Chaldean Ushers in a New Age at Juddmonte

Chaldean at Banstead Manor Stud | Emma Berry


Outside the boxes of the foaling unit at Banstead Manor Stud are Juddmonte's versions of the blue plaques one sees across Britain on the former homes of famous people. Here, of course, the plaques are a subtle green, but when it comes to equine celebrities there can be no bigger name than Frankel (GB). 

He was born in one of the old brick boxes which should be granted special sporting heritage status on February 11, 2008. It is hard to believe that his 16th birthday is looming. Backing on to his foaling box is the one where Kingman (GB) entered the world, also in the month of February but three years later, and along the row is the birthplace of Dansili (GB), whose extraordinary mother Hasili (GB) is commemorated in bronze close to that illustrious foaling wing.

In almost every instance, the Juddmonte stallions go and then they come back to live across the vast expanse of lawn from where their lives began in the lavish yard that was built 100 years ago initially to house the 2,000 Guineas and Derby winner Manna (GB).

An outlier in this regard is this year's new recruit, another winner of the 2,000 Guineas, Chaldean (GB). Laying down an important marker as the first son of Frankel to retire to Banstead Manor, Chaldean was the result of a foal-share by Juddmonte with his breeders, the Harper family of Whitsbury Manor Stud. 

When the chestnut colt appeared at the December Foal Sale of 2020, the Juddmonte inspection team liked what they saw, so much so that Simon Mockridge duly bid 550,000gns to buy out the Harpers. It was a sound decision. 

Chaldean was still four days shy of his third birthday when he became a Classic winner. Still technically three, he now strides across the stallion yard like he owns the place: a proud, strong and correct young stallion. To the manner born, if not at the manor born.

As he struts his stuff before posing without the hint of a fidget, Chaldean already has the professionalism of a stallion who has been putting on such a show for years rather than months. He certainly looks the part, but then the big, bay head of his father appears over the door of his stable as if to remind us that so far the bragging rights are all his.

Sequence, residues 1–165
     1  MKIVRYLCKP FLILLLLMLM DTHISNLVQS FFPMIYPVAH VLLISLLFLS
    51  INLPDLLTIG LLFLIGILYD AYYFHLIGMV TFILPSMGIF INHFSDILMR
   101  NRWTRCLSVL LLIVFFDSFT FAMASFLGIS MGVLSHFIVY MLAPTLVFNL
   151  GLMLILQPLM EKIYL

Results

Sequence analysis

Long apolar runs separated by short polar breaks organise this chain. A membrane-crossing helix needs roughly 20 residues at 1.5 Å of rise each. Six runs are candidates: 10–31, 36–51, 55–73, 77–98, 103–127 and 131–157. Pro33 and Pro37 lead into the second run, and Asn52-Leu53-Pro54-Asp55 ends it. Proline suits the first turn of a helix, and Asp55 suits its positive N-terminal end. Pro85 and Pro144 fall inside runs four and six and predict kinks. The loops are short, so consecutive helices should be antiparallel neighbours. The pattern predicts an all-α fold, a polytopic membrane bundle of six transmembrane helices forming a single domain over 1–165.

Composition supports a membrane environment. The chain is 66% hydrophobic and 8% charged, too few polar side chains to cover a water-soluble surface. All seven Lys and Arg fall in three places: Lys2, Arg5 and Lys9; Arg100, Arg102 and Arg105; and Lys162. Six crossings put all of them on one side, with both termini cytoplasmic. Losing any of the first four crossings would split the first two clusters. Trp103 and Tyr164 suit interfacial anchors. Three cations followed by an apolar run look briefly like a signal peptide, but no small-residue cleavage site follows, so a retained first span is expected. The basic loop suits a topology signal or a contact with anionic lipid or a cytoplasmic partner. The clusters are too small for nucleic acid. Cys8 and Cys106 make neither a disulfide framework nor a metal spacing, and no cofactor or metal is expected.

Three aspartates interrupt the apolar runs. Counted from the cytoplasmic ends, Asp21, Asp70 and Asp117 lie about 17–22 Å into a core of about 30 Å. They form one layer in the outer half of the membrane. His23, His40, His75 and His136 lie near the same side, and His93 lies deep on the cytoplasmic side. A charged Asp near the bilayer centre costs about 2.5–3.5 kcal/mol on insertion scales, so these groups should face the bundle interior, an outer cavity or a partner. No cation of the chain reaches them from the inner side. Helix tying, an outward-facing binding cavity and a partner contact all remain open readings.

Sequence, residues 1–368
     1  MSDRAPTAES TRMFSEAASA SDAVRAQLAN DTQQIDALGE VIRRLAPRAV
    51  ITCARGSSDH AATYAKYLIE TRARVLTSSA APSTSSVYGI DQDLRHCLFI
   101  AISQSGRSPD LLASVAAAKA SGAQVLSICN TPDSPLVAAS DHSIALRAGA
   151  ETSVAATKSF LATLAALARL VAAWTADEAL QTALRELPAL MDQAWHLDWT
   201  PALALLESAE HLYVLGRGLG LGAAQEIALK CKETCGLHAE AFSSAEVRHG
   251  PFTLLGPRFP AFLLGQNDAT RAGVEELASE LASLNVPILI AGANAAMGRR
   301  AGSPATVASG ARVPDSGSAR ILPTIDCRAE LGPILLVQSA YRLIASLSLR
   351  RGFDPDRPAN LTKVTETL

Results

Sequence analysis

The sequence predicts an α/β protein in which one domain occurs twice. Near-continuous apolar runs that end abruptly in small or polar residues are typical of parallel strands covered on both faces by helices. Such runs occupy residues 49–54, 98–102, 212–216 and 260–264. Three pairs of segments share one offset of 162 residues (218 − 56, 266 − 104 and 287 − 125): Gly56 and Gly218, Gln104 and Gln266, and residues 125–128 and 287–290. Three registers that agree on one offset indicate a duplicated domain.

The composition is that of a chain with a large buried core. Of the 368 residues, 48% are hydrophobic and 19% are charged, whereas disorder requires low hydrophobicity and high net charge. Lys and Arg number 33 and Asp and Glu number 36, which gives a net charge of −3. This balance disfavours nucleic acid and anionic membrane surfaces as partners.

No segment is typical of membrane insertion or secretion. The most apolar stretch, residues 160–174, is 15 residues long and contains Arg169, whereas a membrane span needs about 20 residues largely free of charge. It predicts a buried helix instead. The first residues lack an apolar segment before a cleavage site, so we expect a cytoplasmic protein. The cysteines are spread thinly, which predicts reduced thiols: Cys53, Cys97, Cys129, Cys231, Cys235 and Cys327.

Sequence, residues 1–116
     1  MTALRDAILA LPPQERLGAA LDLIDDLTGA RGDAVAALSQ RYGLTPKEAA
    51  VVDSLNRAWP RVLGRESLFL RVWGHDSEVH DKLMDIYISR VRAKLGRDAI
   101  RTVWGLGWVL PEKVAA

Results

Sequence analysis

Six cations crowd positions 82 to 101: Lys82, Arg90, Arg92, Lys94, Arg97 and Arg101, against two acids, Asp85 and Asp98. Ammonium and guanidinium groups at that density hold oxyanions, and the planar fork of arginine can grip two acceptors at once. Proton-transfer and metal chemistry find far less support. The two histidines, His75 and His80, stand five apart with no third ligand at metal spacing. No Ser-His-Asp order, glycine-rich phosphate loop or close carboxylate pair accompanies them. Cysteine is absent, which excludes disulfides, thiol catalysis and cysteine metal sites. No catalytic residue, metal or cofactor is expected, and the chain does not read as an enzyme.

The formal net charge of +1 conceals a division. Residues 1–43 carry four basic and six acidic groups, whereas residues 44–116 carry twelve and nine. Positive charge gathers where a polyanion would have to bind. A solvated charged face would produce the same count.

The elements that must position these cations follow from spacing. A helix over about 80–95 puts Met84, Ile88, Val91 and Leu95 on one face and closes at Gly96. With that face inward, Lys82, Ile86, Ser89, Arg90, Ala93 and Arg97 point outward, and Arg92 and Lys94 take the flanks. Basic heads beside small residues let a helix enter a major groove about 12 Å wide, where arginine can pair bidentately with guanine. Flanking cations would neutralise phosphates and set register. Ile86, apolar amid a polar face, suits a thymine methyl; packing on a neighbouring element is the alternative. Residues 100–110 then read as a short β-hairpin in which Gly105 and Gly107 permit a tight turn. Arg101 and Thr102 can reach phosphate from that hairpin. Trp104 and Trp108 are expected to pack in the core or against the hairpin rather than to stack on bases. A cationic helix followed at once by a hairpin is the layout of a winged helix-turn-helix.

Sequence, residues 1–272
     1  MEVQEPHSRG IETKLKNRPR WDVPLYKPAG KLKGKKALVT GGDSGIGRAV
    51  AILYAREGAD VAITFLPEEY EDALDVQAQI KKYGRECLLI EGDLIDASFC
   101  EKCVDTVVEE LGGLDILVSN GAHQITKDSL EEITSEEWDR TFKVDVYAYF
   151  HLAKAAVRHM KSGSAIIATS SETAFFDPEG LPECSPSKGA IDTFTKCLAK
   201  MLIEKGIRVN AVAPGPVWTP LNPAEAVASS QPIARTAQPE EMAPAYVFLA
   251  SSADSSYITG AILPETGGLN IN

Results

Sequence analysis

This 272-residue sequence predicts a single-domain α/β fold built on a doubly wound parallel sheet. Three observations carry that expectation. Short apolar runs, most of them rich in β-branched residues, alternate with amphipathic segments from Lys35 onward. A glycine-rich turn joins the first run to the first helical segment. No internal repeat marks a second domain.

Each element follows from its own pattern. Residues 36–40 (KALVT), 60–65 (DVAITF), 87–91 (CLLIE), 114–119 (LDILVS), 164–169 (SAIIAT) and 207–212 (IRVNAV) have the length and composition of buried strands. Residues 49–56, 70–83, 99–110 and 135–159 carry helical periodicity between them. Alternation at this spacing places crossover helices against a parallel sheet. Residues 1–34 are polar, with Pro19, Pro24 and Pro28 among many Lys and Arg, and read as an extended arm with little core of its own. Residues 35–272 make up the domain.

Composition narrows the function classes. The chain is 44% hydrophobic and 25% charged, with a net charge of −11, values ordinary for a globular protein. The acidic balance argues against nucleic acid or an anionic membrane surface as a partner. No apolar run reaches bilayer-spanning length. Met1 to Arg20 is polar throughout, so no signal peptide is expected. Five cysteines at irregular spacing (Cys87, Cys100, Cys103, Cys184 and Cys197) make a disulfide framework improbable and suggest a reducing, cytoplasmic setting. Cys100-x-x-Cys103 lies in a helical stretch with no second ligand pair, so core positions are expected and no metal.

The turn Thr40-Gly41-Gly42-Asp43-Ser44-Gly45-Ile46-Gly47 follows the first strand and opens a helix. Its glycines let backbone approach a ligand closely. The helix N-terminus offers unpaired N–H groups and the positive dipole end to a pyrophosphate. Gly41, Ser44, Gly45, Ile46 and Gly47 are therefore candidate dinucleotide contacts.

One of the plaques at Banstead Manor Stud's foaling unit | Emma Berry

Frankel became the champion sire of Britain and Ireland for the second time in 2023. The Andrew Balding-trained Chaldean, who had also won the previous year's G1 Dewhurst S., just as his sire had done, was one of his 11 Group 1 winners. That list includes the Oaks winner Soul Sister (GB), Nashwa (GB), a Classic heroine herself a year earlier, and the brilliant six-time Group 1 winner Inspiral (GB). Remarkably, all three of those fillies reside in John and Thady Gosden's stable and have remained in training for the coming year.

Chaldean's dam Suelita (GB) (Dutch Art {GB}) had already dropped hints that she was something a bit special when her first two foals, The Broghie Man (GB) (Cityscape {GB}) and Gloves Lynch (GB) (Mukhadram {GB}), each earned black type. Her record improved again when her fourth foal became the G2 Mill Reef S. winner Alkumait (GB), by Whitsbury Manor Stud's home stallion Showcasing (GB), who was himself bred by Juddmonte. Alkumait is now at Capital Stud in Ireland.

Then came Alkumait's full-sister Get Ahead (GB), a Listed winner who was runner-up in the G1 Flying Five S. last season before being bought by Tony Bloom and Ian McAleavey for 2.5 million gns at the Tattersalls December Mares Sale. By then of course she was also a half-sister to a Classic winner. The next one to look out for, and once again in the Juddmonte silks, is the mare's two-year-old filly by Kingman (GB), who topped the foal sale of 2022 at a million gns. She has been named Kassaya (GB), after a daughter of Nebuchadnezzar II, one of the rulers of the Chaldean Empire. A classy touch by a classic operation.